For many recipients these language exchange opportunities, albeit virtual, also provided precious community-building opportunities in the time of pandemic lockdown and social isolation. Many of us had previously studied Southeast Asian languages at SEASSI, the Southeast Asian Studies Summer Institute at UW Madison, and over the past year have been missing the social interactions offered by SEASSI. The language awards of this past year have made it possible for some recipients to reconnect with their previous language instructors at SEASSI, or even with their former classmates, while making new friends from different institutions.
“It was great to reconnect with one of my previous language teachers at SEASSI, Sheila Zamar, who made the online class experience so enjoyable,” says Trisha Remetir, PhD candidate in English and Comparative Literature at the University of North Carolina, Chapel Hill, “and I heard about the Southeast Asian Language Training Award via my previous connections with SEASSI!” Like Trisha, many of us learned about this language training award through SEASSI circles, and the communities that these language exchange opportunities nurtured and maintained have proven to be tremendously helpful for all of us during this unusual time. An Nguyen Sakach, PhD student in linguistics at Northern Arizona University, thinks the SEASSI alumni network is a really precious resource. “It was through SEASSI circle emails that I learned about this opportunity—in the SEASSI alumni network people get to share information, share research resources, and perhaps we can also keep practicing languages together after the courses finish!”
These communities have turned out to be professionally helpful for many of us too, as Southeast Asian Studies personnel are always thinly scattered across the globe, and it is often the case that graduate students in Southeast Asian Studies find it difficult to get to know colleagues familiar with their own geographical and cultural specialization. “It has been really great that I get to connect with people from other institutions who work on the same country as I do, even in such times of isolation,” says Isabel, who also adds that there are no institutions in Canada that offers Burmese, which makes the community-building even more precious for her.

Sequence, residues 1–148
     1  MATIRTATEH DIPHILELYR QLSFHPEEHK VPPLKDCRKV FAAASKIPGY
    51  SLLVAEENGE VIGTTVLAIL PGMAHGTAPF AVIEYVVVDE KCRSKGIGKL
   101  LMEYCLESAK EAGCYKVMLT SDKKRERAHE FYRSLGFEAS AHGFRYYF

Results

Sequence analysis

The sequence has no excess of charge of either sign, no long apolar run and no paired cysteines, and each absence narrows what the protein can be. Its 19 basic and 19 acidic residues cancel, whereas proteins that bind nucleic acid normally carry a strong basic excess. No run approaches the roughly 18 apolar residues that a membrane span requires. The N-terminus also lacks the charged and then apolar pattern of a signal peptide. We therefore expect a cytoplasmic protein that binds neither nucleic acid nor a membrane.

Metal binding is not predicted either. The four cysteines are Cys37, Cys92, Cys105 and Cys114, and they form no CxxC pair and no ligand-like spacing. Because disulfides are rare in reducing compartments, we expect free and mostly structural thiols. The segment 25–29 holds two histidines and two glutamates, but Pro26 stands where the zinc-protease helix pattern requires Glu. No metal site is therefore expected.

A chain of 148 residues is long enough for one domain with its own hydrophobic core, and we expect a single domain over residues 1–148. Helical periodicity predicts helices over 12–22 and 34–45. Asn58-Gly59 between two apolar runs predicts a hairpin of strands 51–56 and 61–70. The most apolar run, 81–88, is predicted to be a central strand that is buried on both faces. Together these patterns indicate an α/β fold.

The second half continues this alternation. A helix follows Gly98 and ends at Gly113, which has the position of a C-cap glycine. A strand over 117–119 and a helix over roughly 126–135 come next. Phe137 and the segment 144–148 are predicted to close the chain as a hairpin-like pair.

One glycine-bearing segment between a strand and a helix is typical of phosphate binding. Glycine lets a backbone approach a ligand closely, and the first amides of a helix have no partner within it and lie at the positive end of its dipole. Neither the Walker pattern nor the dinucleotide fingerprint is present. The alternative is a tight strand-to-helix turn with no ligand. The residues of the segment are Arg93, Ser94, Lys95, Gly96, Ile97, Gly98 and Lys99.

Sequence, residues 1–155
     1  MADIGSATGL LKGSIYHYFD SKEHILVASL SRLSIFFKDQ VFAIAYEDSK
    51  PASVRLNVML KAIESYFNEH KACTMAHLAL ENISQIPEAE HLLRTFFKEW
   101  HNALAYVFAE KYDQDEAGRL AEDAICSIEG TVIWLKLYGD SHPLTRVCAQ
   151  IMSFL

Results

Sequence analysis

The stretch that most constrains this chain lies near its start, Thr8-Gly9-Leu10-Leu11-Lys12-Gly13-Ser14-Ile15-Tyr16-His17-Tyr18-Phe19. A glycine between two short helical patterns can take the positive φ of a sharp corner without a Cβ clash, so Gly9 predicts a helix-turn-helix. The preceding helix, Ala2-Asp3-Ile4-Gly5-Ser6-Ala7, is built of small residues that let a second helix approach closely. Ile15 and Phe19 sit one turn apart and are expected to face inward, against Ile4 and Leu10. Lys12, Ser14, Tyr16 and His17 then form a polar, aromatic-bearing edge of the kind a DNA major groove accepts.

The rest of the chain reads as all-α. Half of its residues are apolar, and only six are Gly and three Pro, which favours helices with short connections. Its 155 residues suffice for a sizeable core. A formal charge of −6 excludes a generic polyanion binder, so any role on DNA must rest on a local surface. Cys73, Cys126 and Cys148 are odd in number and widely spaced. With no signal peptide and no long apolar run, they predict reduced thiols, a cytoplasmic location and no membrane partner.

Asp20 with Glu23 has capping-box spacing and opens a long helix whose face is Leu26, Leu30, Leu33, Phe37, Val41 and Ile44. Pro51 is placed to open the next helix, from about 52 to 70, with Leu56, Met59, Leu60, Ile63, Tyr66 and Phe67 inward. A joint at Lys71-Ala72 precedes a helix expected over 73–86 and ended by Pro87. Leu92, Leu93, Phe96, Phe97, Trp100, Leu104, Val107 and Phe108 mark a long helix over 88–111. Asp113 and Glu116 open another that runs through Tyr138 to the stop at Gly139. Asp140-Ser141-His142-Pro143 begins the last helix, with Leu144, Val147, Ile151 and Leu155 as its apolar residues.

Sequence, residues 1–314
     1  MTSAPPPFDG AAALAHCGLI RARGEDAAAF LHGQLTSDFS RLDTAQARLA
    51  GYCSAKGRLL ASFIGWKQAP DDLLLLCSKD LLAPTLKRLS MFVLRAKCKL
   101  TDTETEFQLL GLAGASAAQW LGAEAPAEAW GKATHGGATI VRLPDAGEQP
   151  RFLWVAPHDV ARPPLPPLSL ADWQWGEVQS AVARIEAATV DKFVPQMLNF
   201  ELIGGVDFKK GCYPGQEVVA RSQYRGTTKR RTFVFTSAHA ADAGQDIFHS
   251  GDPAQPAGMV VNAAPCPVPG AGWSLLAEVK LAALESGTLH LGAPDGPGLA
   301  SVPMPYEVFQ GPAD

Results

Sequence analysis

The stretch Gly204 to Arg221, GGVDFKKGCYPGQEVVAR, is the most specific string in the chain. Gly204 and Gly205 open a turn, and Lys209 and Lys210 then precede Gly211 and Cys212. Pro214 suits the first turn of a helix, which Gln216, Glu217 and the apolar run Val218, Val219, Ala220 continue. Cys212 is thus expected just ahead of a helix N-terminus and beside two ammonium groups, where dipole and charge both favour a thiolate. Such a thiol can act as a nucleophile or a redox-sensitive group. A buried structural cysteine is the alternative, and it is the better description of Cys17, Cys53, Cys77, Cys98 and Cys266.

The remote learning setup of this past year can indeed be challenging at times, but most of the time it has turned out to work surprisingly well for us. The generally small size of Southeast Asian language classes has certainly made it easier for Zoom class participants, but more importantly, the language instructors’ enthusiastic commitment to teaching has really made a difference, making students feel fully welcome and comfortable in the virtual classroom—despite the barrier of time zone differences in some instances. Many recipients acknowledge the commitment and innovation of the language instructors – who use break-out rooms and games – as a really important factors in their fruitful experience with remote synchronous language classes. “I am actually pleasantly surprised by how effective online synchronous classes can be for language learning—we probably don’t get to do as much cultural stuff as we would hope, but other than that in terms of instructional efficacy for language learning, there is no significant difference from in-person classes,” Isabel comments, “but 6am classes can be challenging!”
As the pandemic moves toward the latter phase and universities plan for a more in-person academic year, the collective experience of remote synchronous learning we have gained throughout the past year will undoubtedly be a precious resource for future language exchange opportunities. Despite much of the world being put on halt, these language exchange opportunities and language training awards have created an academically productive and mentally rewarding year for many of us, and we come out of this year much more confident and prepared for ongoing work in Southeast Asian Studies as we move into the post-pandemic future.